Opposing schools of thought emerged. Proponents of the new value doctrine argue, in part, that the absolute priority rule written into the Bankruptcy Code at § 1129(b)(2)(B)(ii) includes a new value component even though the words “new value” do not appear in that section. Specifically, they interpret the phrase “on account of” as permitting recognition of a new value corollary to the rule. If equity holders pay for their equity, the argument goes, then they are not retaining that equity “on account of” their junior interest. Instead, they are paying new value to purchase the ownership anew.
Conversely, opponents argue that the plain language of the Bankruptcy Code must be strictly construed – in essence, if Congress wanted to preserve the new value doctrine, it specifically could have said so. Twenty years later, the Supreme Court considered the issue in Bank of America National Trust and Savings Assn. v. 203 North LaSalle Street Partnership, 526 U.S. 434 (1999).
IV. 203 North LaSalle: Putting Value to the Test
When the Supreme Court decided 203 North LaSalle in 1999, both sides of the new value debate were eager for the Court to settle the score. Unfortunately, no definitive answer was forthcoming.
203 North LaSalle was a single-asset real estate case. During the debtor’s exclusive period to propose a plan of reorganization (known as the “exclusivity period”), the debtor sought to confirm a Chapter 11 plan over the objection of dissenting junior creditors. Under that plan, the old equity holders would have retained their interests in the real estate project by contributing $20 million in tax liabilities that would otherwise have been due if the lender foreclosed. The plan did not provide a mechanism for non-insiders to bid on the equity. Seemingly, this case perfectly framed the issue of whether the new value exception was still valid.
The Supreme Court struck down the plan but declined to rule directly on the validity of the new value corollary. Instead, it held that, on any reading, the proposed plan failed to satisfy the absolute priority rule.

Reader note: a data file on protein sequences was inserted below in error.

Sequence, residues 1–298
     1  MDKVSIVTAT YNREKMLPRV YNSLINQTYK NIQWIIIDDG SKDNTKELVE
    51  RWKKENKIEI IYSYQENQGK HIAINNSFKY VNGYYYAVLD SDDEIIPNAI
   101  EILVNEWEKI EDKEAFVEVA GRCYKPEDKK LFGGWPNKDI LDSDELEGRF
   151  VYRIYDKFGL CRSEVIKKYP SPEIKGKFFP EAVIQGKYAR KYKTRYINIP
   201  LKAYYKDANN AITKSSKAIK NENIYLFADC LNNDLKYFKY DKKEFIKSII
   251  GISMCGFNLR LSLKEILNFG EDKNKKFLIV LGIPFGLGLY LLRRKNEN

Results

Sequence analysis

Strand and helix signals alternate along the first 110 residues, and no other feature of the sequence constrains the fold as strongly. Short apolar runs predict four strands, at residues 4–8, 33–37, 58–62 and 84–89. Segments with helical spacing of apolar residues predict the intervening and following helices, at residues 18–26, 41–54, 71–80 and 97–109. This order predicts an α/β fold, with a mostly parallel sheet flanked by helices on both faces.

The decision focused on the importance of exposing valuable property to a free market of potential bidders. This is often now referred to as the “market test.” The Court determined that the debtor could not and did not meet its burden to prove that the equity holders were paying full value for their interests because the plan did not open the equity to bidders and because it was proposed during the exclusivity period. In essence, the plan proponents failed to prove that retention of their ownership interests was not merely “on account of” or “because of” the interests they already held.
In the end, the debate that 203 North LaSalle spawned about the continued viability of the new value corollary was somewhat overblown. Although the Court declined to specifically acknowledge the new value doctrine, it did nothing to cast doubt on its existence, and even provided important instruction on the doctrine’s application.
V. New Value in the Sixth Circuit after 203 North LaSalle
Since 203 North LaSalle, the majority of bankruptcy courts in the Sixth Circuit have continued to apply the rationale that old equity holders may retain their interests by contributing new money or money’s worth that is substantial and essential to the company’s reorganization efforts. The new value doctrine was applied in a recent unpublished decision from the Middle District of Tennessee, In re: A&F Electric Company, Inc., Case No. 07-01377. (Click here for a copy of the court’s memorandum opinion, hereinafter, “A&F Electric Memorandum.”) The plan in A&F Electric proposed a 35% distribution to unsecured creditors and called for the company’s sole shareholder to retain his equity interest in exchange for a $100,000 cash contribution. The plan was proposed during the exclusivity period, but it opened bidding on the equity to any creditor that wished to submit a competing offer.
The court confirmed the plan over a creditor’s absolute priority rule objection “based upon the proof at trial that the $100,000 from [the debtor’s shareholder] meets both the substantial and necessary thresholds to qualify under the new value exception to the absolute priority rule.” A&F Electric Memorandum, at 21.
The new value doctrine is a long-recognized corollary to the absolute priority rule, one that is very much alive after 203 North LaSalle. The lesson from these cases is that a new value plan cannot be confirmed if the old equity holders are the only ones given an opportunity to bid on the debtor’s ownership interests. Subject to that important caveat, it is likely that new value contributions that are substantial and essential to a debtor’s reorganization efforts will continue to provide a basis for confirming plans that would otherwise violate the absolute priority rule.